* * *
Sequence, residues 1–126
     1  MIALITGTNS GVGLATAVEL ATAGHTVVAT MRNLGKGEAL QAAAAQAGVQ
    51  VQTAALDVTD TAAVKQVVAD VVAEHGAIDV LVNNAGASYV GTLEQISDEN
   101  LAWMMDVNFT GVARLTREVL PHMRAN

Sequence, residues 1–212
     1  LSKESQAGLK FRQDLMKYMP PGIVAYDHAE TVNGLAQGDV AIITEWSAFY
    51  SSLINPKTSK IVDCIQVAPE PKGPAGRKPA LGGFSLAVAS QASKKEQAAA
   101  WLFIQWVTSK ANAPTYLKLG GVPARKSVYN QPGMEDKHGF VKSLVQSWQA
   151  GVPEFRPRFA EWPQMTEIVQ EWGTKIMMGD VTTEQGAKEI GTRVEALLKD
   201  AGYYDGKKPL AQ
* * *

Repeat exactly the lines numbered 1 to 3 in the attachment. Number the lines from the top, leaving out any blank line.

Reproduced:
Sequence, residues 1–126
     1  MIALITGTNS GVGLATAVEL ATAGHTVVAT MRNLGKGEAL QAAAAQAGVQ
    51  VQTAALDVTD TAAVKQVVAD VVAEHGAIDV LVNNAGASYV GTLEQISDEN